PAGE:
NEW YORK - The trade war between the United States and China has sharply intensified in recent days, raising the risk that the bruising battle will drag on through the 2020 presidential election.
Goldman Sachs warned clients on Monday that a trade agreement "now looks far off" because officials in Washington and Beijing are "taking a harder line."
The Wall Street firm said the most likely outcome is that no deal will be reached before the 2020 election and that President Donald Trump's threatened 10% tariffs on $300 billion of US goods will remain in place on Election Day.
If accurate, the prediction suggests that the already-hurting global economy will face an extended period of uncertainty and tariffs that will further slow growth. The on-again, off-again nature of the trade conflict between the world's two largest economies is sapping business confidence and making it difficult for companies to know how and when to invest in the future.
"While we had previously assumed that President Trump would see making a deal as more advantageous to his 2020 re-election prospects," Goldman Sachs chief economist wrote in the report, "we are now less confident that this is his view."
In other words, Trump may have decided that his reelection chances could be boosted by cementing the view that he is doing everything possible to make China play fair on trade.
"A scenario where no deal happens between now and the election is increasingly likely," Ed Yardeni, president of investment advisory Yardeni Research, told CNN Business in an interview. "Trump perceives the US economy is strong enough to withstand even 25% tariffs across-the-board on everything we import from China."
Trade clash spooks investors
Many investors and CEOs agree with the US administration's complaints about China's trade tactics, including the use of non-tariff trade barriers and theft of intellectual property. However, there is growing unease over Trump's use of tariffs as a negotiating tool.
The trade war has now entered a new and more dangerous phase, raising alarm among investors around the world.
On August 1, Trump vowed to impose tariffs for the first time on a wide swath of consumer goods imported from China, including footwear, electronics and toys.
China responded on Monday by announcing its companies have halted the purchases of American agricultural goods and by allowing its currency to drop sharply to the weakest level in more than a decade.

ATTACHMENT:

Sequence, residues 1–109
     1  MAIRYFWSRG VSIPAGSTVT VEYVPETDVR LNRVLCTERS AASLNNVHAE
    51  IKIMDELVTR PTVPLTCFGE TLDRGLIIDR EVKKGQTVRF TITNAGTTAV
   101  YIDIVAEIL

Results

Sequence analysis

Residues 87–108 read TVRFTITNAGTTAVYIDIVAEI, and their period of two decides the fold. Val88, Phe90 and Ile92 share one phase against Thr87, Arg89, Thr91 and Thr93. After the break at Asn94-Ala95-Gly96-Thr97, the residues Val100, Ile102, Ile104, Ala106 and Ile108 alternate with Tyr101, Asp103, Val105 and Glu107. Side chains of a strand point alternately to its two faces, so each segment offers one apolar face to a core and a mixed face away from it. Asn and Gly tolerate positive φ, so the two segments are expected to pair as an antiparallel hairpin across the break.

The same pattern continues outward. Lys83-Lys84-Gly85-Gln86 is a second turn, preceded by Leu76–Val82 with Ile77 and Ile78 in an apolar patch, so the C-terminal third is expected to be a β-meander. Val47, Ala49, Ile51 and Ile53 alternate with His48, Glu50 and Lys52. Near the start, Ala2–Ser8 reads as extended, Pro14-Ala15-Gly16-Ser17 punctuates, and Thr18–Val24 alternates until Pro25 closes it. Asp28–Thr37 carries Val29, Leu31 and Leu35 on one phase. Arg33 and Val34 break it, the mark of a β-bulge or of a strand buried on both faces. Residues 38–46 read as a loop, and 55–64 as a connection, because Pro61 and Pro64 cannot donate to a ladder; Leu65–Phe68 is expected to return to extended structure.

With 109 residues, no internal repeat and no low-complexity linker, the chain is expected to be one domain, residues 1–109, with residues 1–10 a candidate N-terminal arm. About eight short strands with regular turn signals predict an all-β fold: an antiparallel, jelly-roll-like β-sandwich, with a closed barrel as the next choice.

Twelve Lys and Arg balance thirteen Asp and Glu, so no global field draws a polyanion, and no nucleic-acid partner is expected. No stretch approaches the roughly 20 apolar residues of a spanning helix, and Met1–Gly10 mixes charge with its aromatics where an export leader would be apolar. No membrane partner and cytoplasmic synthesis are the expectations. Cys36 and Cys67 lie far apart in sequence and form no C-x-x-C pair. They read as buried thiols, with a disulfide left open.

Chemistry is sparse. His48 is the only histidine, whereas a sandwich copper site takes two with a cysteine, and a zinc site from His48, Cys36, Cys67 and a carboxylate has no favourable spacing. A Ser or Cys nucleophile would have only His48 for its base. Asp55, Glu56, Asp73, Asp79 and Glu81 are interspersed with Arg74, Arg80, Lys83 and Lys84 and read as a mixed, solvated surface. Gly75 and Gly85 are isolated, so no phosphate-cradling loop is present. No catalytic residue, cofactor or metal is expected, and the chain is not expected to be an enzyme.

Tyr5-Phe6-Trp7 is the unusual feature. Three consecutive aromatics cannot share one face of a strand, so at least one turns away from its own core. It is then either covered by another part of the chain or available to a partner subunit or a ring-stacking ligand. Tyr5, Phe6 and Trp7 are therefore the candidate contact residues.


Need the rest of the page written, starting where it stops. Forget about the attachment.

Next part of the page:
The Trump administration fired another shot late Monday by labeling China a currency manipulator, a symbolic move that further inflamed tensions.
"It's a very complicated game of Chinese checkers they are playing," said Yardeni. "It's pretty clear this is not all about trade, nor even just intellectual property. It's about superpower rivalry."
The Fed could keep cutting -- but how many times?
As that rivalry plays out, the global economy is suffering the consequences. A slowdown in manufacturing activity has worsened as the trade war has deepened.
Global central bankers are coming to the rescue by lowering interest rates, punctuated by the Federal Reserve's first rate cut since 2008. However, central banks have limited ammo because rates remain near-zero. And it's not clear that easy money will cure the central problem: trade uncertainty.
Still, Goldman Sachs is now predicting that the deepening trade war, along with the risk of a no-deal Brexit and pressure from the bond market, will force the Federal Reserve to cut interest rates twice more before the end of the year.
"The Fed has been increasingly responsive this year to trade war threats, bond market expectations and global growth concerns," Hatzius wrote.
He noted that financial conditions have tightened significantly even since the Fed lowered rates on July 31, a reflection of global market turmoil.
Inflation, opposition could limit cuts
Although Trump has urged the Fed to sharply slash interest rates, Goldman Sachs suggested there is a limit to the easy money coming from the US central bank.
First, Hatzius said that inflation will likely warm by the fall towards the Fed's 2% inflation goal. That would undercut one of the central justifications for rate cuts.
There could also be rising internal opposition at the Fed toward rate cuts, especially given concerns about the need to maintain the central bank's independence. Last month's quarter-point rate cut was opposed by two voting members of the Fed's rate-setting committee, which is known as the Federal Open Market Committee.
"Some FOMC participants would push back harder against rate cuts" totaling more than one full percentage point, Hatzius wrote, because in the past that amount "has been reserved for situations in which there was a strong chance that the economy was already headed into recession."
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